BY ROXANA BOYD
This month, School of Rock in Chapel Hill celebrated five years of music lessons and programs for youth and adults. With more than 300 locations worldwide, including seven in North Carolina, the School of Rock name may sound familiar, but the Chapel Hill franchise carries its own unique feel and takes pride in being an Orange County Living Wage employer.
David Joseph opened School of Rock in 2017 after finding a perfectly situated and special location – the diner on Fordham Boulevard, where he used to eat with his family. While Joseph kept some of the original character like the booths and stools, the exterior lights give it “just a smidge of Vegas,” he says.
The hallways inside are covered with dozens of colorful posters of student shows and album covers, photos of music instructors and students celebrating birthdays and achievements, and a framed living wage employer certificate.
From the beginning, Joseph wanted to attract and retain quality employees who felt appreciated. He also recognized that truly happy employees create a positive environment for students. For employees who want to make music their career, Joseph wants to make that possible for them by paying a living wage.
“People are going to choose their life path,” says Joseph. “But if they’re going to be here in Chapel Hill and they do music, I’d love for them to come hang out with us.”
Justin Ellis, one of School of Rock’s 21 employees, started in 2018 as an instructor for bass, drums, and voice but gradually took on more responsibilities. In 2020, he became the music director.
Two weeks ago, Ellis was promoted to general manager/music director.
“To work for a place that I so desperately wish existed when I was growing up is the coolest thing,” says Ellis. “I definitely have the best job in the world.”
Ellis reflected on his years working in the service industry before joining School of Rock. As an independent musician, he supplemented his income with jobs in restaurants, movie theaters, and warehouses – he thought a living wage workplace was not an option.
“It was conditioned to me that getting two dollars an hour plus tips was what you had to do if you wanted to play music,” he says.
School of Rock’s living wage “signals to our people that we’re doing what we can to take care of them and make it a fun and attractive place to work,” Ellis says. “I think based on our growth and the roster of instructors we have now, it’s definitely working.”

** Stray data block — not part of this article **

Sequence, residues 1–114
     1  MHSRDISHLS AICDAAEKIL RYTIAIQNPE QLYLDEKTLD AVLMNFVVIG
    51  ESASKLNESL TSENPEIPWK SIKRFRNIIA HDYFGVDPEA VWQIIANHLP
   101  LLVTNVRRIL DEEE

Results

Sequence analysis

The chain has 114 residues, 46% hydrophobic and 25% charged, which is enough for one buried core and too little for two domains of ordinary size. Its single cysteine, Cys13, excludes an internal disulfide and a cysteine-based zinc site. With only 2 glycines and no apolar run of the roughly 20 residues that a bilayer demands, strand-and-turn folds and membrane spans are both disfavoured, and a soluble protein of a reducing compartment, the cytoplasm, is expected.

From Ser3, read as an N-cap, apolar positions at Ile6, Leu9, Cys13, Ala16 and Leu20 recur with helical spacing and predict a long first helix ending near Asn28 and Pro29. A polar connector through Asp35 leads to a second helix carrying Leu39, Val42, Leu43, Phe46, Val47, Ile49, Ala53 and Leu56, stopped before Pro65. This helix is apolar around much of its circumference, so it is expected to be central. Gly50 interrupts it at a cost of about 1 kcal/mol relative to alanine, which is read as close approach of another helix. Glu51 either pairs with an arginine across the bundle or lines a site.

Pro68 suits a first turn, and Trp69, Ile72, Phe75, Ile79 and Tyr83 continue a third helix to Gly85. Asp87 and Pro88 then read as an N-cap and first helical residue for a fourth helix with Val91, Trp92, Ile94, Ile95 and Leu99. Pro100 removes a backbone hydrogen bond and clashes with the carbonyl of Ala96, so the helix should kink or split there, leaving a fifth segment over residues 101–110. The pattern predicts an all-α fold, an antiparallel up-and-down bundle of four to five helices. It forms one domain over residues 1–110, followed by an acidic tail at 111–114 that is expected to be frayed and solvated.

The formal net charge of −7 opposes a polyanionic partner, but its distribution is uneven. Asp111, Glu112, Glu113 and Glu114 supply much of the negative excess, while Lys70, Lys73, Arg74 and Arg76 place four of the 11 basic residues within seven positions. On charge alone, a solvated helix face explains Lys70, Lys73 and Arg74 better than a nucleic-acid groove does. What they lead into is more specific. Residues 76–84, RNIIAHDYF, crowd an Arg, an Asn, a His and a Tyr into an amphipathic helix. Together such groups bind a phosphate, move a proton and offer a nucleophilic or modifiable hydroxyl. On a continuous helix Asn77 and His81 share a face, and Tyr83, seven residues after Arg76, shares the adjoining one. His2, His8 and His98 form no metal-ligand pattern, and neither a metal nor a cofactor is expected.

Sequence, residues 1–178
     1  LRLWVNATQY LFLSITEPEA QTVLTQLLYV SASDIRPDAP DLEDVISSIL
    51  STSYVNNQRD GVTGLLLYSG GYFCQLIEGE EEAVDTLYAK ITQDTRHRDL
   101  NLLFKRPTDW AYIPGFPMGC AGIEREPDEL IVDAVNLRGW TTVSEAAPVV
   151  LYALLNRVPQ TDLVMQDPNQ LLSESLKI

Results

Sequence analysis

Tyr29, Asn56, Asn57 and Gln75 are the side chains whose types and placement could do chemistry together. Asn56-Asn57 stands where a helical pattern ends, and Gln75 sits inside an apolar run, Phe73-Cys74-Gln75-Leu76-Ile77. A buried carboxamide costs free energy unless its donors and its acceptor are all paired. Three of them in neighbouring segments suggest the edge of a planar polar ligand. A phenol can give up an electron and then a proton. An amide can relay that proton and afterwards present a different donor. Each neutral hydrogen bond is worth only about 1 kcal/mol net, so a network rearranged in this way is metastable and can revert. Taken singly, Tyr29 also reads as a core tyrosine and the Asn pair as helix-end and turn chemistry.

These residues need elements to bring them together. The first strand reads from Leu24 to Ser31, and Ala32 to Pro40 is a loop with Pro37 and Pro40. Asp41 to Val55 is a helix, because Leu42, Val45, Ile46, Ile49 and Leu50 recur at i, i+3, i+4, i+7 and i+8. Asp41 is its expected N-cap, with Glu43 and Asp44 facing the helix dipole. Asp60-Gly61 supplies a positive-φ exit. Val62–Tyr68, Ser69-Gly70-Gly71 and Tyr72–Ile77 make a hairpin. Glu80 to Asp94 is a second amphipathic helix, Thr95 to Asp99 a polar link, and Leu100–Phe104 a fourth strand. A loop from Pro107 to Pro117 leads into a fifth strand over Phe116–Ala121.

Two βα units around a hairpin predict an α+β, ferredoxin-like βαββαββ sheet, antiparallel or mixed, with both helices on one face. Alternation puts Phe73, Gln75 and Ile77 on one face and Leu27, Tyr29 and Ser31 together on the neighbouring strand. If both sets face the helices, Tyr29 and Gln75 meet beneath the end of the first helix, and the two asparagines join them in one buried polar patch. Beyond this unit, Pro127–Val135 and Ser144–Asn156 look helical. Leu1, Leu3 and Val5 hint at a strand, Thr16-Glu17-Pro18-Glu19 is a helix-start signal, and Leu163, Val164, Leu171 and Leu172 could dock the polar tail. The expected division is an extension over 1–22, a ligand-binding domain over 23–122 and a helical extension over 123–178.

Summer Camps and Shows
Of the 280 students who take weekly music lessons at School of Rock in Chapel Hill, roughly half also participate in a group program, such as Rock 101, Rock 201, and Performance. These students sign up for a theme, spend four months learning the songs, and finish with a show.
On June 26 from noon until 5 pm, Cat’s Cradle in Carrboro will showcase several School of Rock student performances – a mid-season preview show. A $10 donation at the door is suggested and appreciated.
“The whole point of School of Rock is teaching people how to play together as a band and getting them on stage and in front of an audience because that’s where the magic happens,” says Joseph. “I’ve heard from many, many parents that the kid wouldn’t get out of bed for anything, but when it’s School of Rock day, it’s, ‘Come on Mom. Hurry up. It’s time. We’re gonna be late.’”
School of Rock’s popular summer camps for youth are beginning to sell out, but openings remain for two of the camps, including a songwriting camp in August. Ellis enjoys teaching this camp, as he finds he learns more about students through their writing than when they play “Back in Black” by AC/DC on the guitar, for example.
“You see a whole other side of the kids that you just don’t see when you’re drilling ‘Back in Black,’” he says. “I love to drill ‘Back in Black.’ Don’t get me wrong. But getting to know these kids as creative people is definitely one of my absolute favorite things about the camp and the job in general.”